(Yeah, I had sound trouble with it, except for the press conference with Kennedy.)

3.  Kennedy didn’t act against DDT.

President John F. Kennedy at a press conference on August 29, 1962; he announced the retirement of Supreme Court Associate Justice Felix Frankfurter and the appointment of Arthur Goldberg to replace him; in questions, he was asked about DDT and Rachel Carson's book, Silent Spring.

President John F. Kennedy at a press conference on August 29, 1962; he announced the retirement of Supreme Court Associate Justice Felix Frankfurter and the appointment of Arthur Goldberg to replace him; in questions, he was asked about DDT and Rachel Carson’s book, Silent Spring.

4.  Kennedy did ask the experts to check out Carson’s book.  The President’s Science Advisory Commitee (PSAC) (including Nobel winners) spent several months studying the book and its footnotes, and checking with other experts.  In May 1963 they issued a verdict:  Carson’s book, Silent Spring, was accurate and true, but suffered one flaw:  Carson’s alarm wasn’t loud enough nor demanding action quickly enough.  PSAC urged Kennedy to act immediately to slow or stop the use of DDT.  Alas, he was assassinated six months later. (Full text of the PSAC report is available on this blog, here.)

5.  Though the federal government stopped massive use of DDT on its side, large agricultural interests used it extensively.  After a decade of devastation across the country, in two separate trials federal judges ruled DDT a dangerous substance — they withheld injunctions when the newly-formed EPA promised to expedite hearings on tighter regulations for the stuff which had been floundering for a few years.  So it was that in 1971, more than seven years after John F. Kennedy’s death, a full administrative hearing on DDT began at EPA.  DDT had been fully available world wide for 9 years after Carson’s book.

6.  In 1972, still under court order, the EPA administrative law judge Edmund Sweeney ruled that a new label for DDT would be adequate control.  Under the new label, use would be severely restricted, and broadcast spraying on crops would be prohibited, but DDT would be freely available.  If someone wanted to, they could buy DDT and broadcast it themselves.  Under the labeling rules, nothing could be done to such violators.  Judge Sweeney carefully documented in his hearings all the benefits and drawbacks of DDT.  A more restrictive proposal, such as a ban, would not do much more than the new label (if the label was followed), and Sweeney said that he did not find that EPA had the power to do any more.  EPA administrator William Ruckleshaus got a more detailed review of the law from his legal team, and concluded that EPA could indeed ban broadcast use, and so he did.  At least two of the DDT manufacturers sued, claiming there was no scientific basis for a ban.  Under U.S. law, if the scientific data do not back up such a rule, the courts are obligated to overturn the rule.  Both courts granted summary judgment for EPA, meaning that even if all the evidence were interpreted to favor the pesticide manufacturers, they would still lose on the law.  There were no further appeals.

7.  The EPA ban allowed DDT to be used in emergencies, especially if there were an emergency involving malaria or other insect-borne disease; specifically, EPA’s order allowed DDT use against any insect “vector” to fight disease at any time, for indoor residual spraying (IRS) the preferred method of fighting malaria.   The EPA ban did not cover manufacturing, and U.S. DDT manufacturers ran a lively export business through 1984. On the day before the Superfund law took effect in 1984, requiring manufacturers to clean up toxic wastes they had dumped in violation of law, several of the DDT manufacturers declared bankruptcy, leaving the Superfund to clean up DDT sites in Texas and California, and other places.  Clean up continues today, 25 years later, costing tens of millions of dollars a year.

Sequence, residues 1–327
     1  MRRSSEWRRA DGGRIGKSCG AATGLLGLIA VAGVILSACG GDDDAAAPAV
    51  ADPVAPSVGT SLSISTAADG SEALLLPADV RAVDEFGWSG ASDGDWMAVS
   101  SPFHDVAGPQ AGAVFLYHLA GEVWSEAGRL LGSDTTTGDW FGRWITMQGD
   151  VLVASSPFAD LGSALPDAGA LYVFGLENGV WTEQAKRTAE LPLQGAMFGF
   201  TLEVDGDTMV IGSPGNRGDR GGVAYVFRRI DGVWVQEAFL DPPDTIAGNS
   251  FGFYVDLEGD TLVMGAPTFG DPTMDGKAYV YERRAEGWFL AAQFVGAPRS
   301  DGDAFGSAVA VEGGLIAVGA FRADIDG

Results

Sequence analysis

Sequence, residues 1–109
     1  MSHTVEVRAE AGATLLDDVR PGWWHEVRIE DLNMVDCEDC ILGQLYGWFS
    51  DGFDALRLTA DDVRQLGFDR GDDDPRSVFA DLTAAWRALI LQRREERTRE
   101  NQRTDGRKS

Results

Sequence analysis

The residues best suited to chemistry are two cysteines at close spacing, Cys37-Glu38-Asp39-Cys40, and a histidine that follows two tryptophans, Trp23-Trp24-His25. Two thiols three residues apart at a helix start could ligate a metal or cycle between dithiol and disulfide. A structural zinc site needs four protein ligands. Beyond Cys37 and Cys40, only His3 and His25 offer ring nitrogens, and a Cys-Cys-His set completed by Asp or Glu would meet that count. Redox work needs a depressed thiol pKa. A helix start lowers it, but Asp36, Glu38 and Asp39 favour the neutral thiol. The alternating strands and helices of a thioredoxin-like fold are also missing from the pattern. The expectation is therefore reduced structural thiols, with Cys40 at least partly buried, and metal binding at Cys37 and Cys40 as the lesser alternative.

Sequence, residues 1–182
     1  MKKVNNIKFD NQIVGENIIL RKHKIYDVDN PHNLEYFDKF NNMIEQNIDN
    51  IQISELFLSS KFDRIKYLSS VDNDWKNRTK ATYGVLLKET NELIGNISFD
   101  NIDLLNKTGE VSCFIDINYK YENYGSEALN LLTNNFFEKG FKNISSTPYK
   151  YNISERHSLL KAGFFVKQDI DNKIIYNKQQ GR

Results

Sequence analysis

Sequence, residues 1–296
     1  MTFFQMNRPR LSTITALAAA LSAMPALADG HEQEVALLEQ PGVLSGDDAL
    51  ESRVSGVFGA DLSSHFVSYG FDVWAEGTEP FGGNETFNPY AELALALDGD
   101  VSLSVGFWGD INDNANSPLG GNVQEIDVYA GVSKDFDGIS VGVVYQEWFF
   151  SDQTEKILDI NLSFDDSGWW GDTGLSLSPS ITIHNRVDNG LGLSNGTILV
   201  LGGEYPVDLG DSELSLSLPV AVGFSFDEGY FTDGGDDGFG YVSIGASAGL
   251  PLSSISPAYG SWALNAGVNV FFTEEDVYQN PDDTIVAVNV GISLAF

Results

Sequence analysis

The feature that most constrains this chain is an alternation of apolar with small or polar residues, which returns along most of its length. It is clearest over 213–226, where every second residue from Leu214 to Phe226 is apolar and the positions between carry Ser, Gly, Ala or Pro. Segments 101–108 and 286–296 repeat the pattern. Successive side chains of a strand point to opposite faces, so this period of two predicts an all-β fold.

Manufacture of DDT today is chiefly in India and China.  Pollution problems abound near those sites.

8.  DDT use was never banned in Africa, especially for use to fight malaria.  Considering mosquito resistance and immunity, however, Africans generally chose not to use DDT.  DDT’s reputation was further tarnished when it was revealed that broadcast outdoor spraying had killed food fishes in several places, leading to near starvation for local populations.  South Africa used DDT right up through 1996, then stopped.  When mosquitoes with malaria flowed over the border from neighboring nations without adequate disease control programs, malaria rates shot up, and DDT was again used as a last-ditch defense.

9.  Generally, malaria infections and malaria deaths continued to decline in Africa and Asia after Silent Spring, and after the U.S. banned DDT use on crops. Malaria in Africa rose after 1985 when malaria parasites developed immunity to the pharmaceuticals used to treat the disease in humans.  Without an effective drug regimen, death rates rose, too.  DDT could not offer any help in this fight.

10.  One of the greatest barriers to fighting malaria in Africa has been unstable governments.  For example, it is difficult to believe that Idi Amin, the horrible dictator who ruled Uganda from 1971 to 1979,  and claimed to have eaten some of his executed enemies, refused to spray DDT because he wanted to be environmentally friendly.  If Monckton wants to make such a claim explicitly, he’s nuts (he may be nuts anyway, but this unspoken claim of his is particularly insane).   Other nations had less spectacular misrule, but the effect was the same:  When governments could not, or did not mount fights against mosquitoes and malaria, malaria spread.  This had nothing to do with DDT, nor with a lack of DDT.